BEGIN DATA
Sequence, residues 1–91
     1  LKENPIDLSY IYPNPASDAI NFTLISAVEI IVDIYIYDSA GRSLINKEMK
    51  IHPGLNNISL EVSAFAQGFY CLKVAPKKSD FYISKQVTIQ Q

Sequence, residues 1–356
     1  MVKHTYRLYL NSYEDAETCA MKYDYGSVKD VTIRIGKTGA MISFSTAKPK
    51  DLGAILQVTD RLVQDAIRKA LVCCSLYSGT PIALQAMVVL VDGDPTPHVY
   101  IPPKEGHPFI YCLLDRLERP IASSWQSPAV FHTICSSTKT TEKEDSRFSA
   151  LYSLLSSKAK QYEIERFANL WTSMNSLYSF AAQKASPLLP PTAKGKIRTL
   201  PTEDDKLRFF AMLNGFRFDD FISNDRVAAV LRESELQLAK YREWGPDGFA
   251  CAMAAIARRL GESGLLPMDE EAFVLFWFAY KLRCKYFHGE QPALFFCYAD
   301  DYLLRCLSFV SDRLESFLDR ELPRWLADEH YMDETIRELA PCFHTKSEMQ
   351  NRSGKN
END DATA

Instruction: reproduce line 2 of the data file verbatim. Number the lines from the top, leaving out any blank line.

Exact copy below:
     1  LKENPIDLSY IYPNPASDAI NFTLISAVEI IVDIYIYDSA GRSLINKEMK